The production design and production scales are immaculate, and the world is perfectly realized in a sense that only Gilliam could create. Despite having influences from Kafka, Orwell, and the director's earlier days in the Monty Python troupe; Gilliam's world feels completely unique - and eerily prevalent to our time. Not only is it a black comedy, it's a cautionary tale.

    The story itself is aptly odd, given it's environment, allowing for plenty of twists, turns, and excitement. It has plenty of great dialogue, and very good performances from everyone involved. The cinematography is amazing as well, and the use of irregular proportions is particularily interesting.

    Undoubtedly Terry Gilliam's finest film, Brazil is an experience that is not to be missed by anyone.
    4.5/5

    Here's some questions...

    1. Thoughts on what I watched this week?
    2. What's your favorite foreign-language film?
    3. What's the best "dystopian" film you've seen?
    4. What's the best movie you've seen for the first time this year, whether it was release in 2013 or otherwise?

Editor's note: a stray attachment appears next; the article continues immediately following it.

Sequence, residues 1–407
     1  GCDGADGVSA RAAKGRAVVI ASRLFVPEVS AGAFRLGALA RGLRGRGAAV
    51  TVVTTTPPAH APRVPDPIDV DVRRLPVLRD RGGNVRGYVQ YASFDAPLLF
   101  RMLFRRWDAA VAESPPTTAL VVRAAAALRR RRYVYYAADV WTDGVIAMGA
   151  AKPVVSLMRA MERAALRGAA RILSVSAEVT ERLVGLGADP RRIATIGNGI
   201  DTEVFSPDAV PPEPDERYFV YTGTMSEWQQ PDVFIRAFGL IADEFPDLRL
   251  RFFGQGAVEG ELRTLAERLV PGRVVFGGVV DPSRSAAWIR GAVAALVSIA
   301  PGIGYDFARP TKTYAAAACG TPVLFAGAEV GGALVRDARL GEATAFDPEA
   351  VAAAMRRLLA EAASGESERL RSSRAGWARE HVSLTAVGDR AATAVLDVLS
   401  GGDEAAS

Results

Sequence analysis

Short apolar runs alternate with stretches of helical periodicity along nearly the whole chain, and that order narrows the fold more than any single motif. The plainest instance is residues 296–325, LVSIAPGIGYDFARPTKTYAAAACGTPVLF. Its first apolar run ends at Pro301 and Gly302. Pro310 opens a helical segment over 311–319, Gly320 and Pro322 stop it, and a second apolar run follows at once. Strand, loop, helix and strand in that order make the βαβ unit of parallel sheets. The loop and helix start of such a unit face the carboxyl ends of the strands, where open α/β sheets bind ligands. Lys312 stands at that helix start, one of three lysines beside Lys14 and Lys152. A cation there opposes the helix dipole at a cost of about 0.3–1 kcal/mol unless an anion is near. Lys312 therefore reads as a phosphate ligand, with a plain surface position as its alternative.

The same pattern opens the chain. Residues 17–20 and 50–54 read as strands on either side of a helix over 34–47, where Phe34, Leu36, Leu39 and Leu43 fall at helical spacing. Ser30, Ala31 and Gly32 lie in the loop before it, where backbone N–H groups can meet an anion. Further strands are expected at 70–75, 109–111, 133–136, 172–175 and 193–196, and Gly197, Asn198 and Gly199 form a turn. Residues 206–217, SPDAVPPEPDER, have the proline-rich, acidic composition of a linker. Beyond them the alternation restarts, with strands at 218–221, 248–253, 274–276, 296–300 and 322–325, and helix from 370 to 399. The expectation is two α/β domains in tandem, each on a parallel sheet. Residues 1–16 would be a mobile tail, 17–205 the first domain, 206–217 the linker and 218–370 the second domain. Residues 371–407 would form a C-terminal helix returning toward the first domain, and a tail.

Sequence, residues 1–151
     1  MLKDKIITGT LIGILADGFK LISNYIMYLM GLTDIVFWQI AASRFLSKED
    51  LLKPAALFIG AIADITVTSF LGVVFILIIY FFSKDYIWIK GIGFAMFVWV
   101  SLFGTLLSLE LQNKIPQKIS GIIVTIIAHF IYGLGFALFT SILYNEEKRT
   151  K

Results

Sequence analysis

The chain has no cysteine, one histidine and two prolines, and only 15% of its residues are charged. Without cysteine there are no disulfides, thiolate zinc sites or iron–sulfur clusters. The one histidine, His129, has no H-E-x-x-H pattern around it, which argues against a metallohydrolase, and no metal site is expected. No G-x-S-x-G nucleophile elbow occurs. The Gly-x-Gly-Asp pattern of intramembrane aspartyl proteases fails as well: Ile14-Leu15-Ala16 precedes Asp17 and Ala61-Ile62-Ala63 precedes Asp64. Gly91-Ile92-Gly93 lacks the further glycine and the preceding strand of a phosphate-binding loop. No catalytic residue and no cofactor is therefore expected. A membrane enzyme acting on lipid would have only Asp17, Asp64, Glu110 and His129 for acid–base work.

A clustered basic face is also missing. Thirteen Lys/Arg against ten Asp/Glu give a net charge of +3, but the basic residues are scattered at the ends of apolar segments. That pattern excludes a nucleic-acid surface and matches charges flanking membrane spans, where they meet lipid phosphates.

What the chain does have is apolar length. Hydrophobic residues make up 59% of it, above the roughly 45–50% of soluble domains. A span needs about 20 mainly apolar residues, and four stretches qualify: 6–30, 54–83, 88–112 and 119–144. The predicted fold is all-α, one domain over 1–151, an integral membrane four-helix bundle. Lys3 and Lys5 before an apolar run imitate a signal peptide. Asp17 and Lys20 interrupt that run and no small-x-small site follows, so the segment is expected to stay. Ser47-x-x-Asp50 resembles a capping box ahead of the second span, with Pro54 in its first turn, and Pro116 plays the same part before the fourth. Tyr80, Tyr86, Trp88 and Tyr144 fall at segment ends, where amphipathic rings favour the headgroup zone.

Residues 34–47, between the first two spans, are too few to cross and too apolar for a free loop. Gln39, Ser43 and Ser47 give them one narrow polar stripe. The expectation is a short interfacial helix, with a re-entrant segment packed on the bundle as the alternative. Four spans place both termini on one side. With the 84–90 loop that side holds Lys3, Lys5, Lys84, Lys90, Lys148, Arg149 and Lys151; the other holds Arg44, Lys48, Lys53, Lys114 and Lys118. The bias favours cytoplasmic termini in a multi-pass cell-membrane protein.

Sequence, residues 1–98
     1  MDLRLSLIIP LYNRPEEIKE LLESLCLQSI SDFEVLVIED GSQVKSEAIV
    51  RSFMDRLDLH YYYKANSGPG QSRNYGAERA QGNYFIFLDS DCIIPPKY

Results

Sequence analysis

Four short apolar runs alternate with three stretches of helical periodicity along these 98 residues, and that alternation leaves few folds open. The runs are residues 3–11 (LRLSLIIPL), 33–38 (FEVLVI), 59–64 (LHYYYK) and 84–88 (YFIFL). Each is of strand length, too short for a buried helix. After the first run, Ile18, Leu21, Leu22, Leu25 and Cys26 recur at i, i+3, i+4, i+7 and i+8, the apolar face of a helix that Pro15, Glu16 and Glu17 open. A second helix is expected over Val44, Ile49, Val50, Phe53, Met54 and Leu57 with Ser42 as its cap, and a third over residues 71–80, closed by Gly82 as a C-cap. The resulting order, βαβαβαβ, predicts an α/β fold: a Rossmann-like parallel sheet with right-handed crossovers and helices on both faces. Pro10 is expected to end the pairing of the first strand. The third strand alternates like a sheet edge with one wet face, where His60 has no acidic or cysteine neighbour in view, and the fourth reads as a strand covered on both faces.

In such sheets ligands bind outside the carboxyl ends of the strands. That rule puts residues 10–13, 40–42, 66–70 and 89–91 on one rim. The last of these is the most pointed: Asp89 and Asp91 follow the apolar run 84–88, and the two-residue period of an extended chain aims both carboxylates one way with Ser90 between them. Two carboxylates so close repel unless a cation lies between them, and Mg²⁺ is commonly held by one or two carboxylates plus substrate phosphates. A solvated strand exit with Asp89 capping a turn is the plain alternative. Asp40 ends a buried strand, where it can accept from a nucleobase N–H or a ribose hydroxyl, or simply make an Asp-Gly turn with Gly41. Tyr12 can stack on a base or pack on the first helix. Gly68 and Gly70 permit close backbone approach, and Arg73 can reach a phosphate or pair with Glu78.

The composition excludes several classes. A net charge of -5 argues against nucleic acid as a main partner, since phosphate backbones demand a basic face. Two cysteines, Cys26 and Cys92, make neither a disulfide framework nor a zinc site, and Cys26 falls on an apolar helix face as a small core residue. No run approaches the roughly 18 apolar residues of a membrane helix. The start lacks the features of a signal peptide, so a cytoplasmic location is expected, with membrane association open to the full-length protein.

5. If you had a choice to watch a single upcoming 2013 film right now, but you could never watch any of the others, what film would you choose?

    • http://letterboxd.com/criterion10/ Criterion10

      Brazil is so great.

    • http://www.ropeofsilicon.com/profile/Silga/ Silga

      2. The Diving Bell and the Butterfly
      3. Brazil
      4. Magnolia (Paul Thomas Anderson, 1999) Already watched it twice this year.

    • http://www.ropeofsilicon.com/profile/Ryguy815/ Ryguy815

      1. Haven't seen any.

      2. Haven't seen any.

      3. Off the top of my head, I'd say The Hunger Games.

      4. Drive

      5. The Wolf Of Wall Street

      • http://www.ropeofsilicon.com/profile/Silga/ Silga

        Wow! You haven't seen any foreign language films? Of course, it's up to you, but you're missing a lot!

    • http://www.ropeofsilicon.com/profile/TheLastEquivocationofBrist/ TheLastEquivocationofBrist

      1. 'All is Lost', 'Frances Ha', 'Brazil', and 'Pi' are all excellent. I haven't seen the others.
      2. I can't narrow it down to one at this point. 'A Separation,' 'Cache (Hidden),' 'City of God,' 'A Prophet,' and 'Kung Fu Hustle' are all contenders.

      3. I just watched 'Brazil' a couple days ago (as alluded to above), but I can't think of any better dystopian movies at the moment so I'll go with that.
      4. Best is hard to say if you mean a "striving to be objective" sense. I've seen so many good ones. If we're talking personal favorite, definitely 'Frances Ha.'

      5. Arrrgh that's tough. 'Inside Llewyn Davis' or 'The Past?' I think it's 'The Past' by a hair's breadth.

  • http://www.ropeofsilicon.com/profile/Kessler/ Kessler

    Saw Prisoners this week and loved it. Great acting, fantastic direction, and a well thought-out story. Definitely one of my favorites of the year.

  • Andrew S.